Haslam: Special DUI session may be necessary to save $60M fed funding

Gov. Bill Haslam says he doesn’t want to call a special September session of the legislature to fix the state’s drunk driving laws, but the possibility of losing $60 million if Tennessee doesn’t might just force him to do so.
Further from WPLN:

The problem is the state’s limit for blood alcohol content for 18- to 20-year-olds. Federal highway authorities say it has to be .02, but Tennessee lawmakers raised it to .08 earlier this year.

The National Highway Traffic Safety Administration told state officials last week that it will dock Tennessee’s highway funds if the state doesn’t bring the limit back down by Oct. 1. Haslam says the warning has his attention.

“One way or another, we’ve got to figure out a way to not do that. I mean, $60 million is a lot of money.”

State lawmakers say they didn’t know about the federal government’s policy when they raised the blood alcohol limit for young adults. They were actually trying to toughen the penalties for underage DUIs by adding jail time.

Haslam hopes to convince federal authorities to hold off until lawmakers reconvene in January. He says Tennessee’s infrastructure needs are too big to punish the state for an oversight, but he would go along with a special session if that’s what it takes to keep the money.

Haslam was also asked by reporters Wednesday whether a special session, if one were called, could include a debate over expelling state Rep. Jeremy Durham… Durham lost in the primary earlier this month but remains in line to receive a state pension if allowed to serve out his term.

The governor said he favors limiting the scope to transportation funding, but no decision has been made about whether to include discussion about Durham.

Further, from an AP story on the governor’s comments:

Under federal rules, the maximum allowable blood alcohol content for drivers under 21 is 0.02 percent. The new Tennessee law raised that limit to 0.08 percent for 18- to 20-year-olds, but added tougher penalties for violators. The 0.02 standard remained in place for drivers through age 17.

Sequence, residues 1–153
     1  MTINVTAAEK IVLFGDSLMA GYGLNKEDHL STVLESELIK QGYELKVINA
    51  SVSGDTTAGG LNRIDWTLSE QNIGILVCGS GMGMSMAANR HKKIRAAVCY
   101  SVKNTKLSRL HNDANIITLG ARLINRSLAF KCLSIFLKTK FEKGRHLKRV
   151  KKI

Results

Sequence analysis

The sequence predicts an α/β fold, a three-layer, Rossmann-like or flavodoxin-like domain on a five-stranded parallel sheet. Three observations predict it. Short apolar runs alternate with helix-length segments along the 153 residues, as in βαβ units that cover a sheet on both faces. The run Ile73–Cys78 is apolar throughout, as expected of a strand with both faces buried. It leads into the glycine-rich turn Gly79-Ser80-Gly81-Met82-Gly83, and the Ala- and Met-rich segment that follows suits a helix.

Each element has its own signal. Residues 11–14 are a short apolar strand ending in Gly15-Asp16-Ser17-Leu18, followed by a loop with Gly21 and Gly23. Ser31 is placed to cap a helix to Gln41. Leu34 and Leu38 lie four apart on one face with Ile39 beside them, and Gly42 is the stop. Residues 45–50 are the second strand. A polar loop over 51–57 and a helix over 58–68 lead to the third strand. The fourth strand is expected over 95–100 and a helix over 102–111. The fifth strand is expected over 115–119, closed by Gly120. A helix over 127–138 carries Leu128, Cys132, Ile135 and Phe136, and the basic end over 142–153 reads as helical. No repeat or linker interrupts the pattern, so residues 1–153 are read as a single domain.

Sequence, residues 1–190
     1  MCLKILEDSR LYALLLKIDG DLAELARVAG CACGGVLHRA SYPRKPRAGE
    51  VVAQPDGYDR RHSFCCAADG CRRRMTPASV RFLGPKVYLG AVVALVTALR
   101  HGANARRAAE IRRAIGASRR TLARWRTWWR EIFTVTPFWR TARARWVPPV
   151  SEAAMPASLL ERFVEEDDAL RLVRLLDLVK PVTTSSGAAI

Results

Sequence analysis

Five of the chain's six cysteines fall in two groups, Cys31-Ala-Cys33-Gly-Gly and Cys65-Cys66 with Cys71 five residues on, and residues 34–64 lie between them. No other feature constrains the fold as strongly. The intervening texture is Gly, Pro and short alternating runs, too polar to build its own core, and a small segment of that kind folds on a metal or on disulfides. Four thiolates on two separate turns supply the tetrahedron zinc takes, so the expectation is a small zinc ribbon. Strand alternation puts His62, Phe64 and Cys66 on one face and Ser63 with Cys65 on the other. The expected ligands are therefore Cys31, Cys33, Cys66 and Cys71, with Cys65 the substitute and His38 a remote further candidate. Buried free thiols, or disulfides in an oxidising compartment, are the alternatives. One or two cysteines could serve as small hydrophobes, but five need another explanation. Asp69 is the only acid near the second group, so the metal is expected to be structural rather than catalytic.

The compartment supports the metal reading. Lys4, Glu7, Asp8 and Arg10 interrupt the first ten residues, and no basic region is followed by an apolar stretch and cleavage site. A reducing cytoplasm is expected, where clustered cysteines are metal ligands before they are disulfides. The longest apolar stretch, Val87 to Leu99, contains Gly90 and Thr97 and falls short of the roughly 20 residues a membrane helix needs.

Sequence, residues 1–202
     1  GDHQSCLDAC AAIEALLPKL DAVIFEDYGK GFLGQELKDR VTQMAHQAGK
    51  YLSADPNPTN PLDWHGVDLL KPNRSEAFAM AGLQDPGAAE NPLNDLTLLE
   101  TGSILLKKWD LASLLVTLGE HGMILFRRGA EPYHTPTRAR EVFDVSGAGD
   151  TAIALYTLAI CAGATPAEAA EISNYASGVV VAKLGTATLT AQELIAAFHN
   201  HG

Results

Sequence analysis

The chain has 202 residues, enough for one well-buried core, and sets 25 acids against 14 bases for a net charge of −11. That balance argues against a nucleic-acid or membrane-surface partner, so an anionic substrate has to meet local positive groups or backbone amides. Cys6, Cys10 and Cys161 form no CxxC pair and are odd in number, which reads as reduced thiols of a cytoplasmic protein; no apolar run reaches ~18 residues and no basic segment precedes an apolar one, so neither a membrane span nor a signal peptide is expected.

…Sponsors of the legislation, which passed with near unanimous support and almost no debate, argue that the change was meant to bring penalties for all adults over age 18 into line.

Previously, people between ages 18 and 20 convicted of driving while intoxicated faced the loss of a license for a year and a $250 fine. The conviction could later be expunged and there were no enhanced penalties for repeat offenders.

The new law carries the same penalties as driving under the influence for adults that also include 48 hours in jail, one year of probation and a ban on expunging the crime from the record.

That the changes endangered federal road funding was an “unintended consequence,” said Haslam.

“They actually thought they were making it a greater penalty to drink underage,” the governor said.

Republican officials argue that unrelated state laws make it illegal for people under the drinking age to possess or consume any alcohol, meaning that underage drivers with even trace amounts of booze on their breath can be charged.

Haslam said he’s holding on to hope that a “workaround” will be approved to allow Tennessee lawmakers to wait to address the issue when they return for their regular session in January.

State Transportation Department spokeswoman B.J. Doughty said the federal agency has agreed to consider Tennessee’s claims before making a formal decision on the fate of road funding by the end of the week.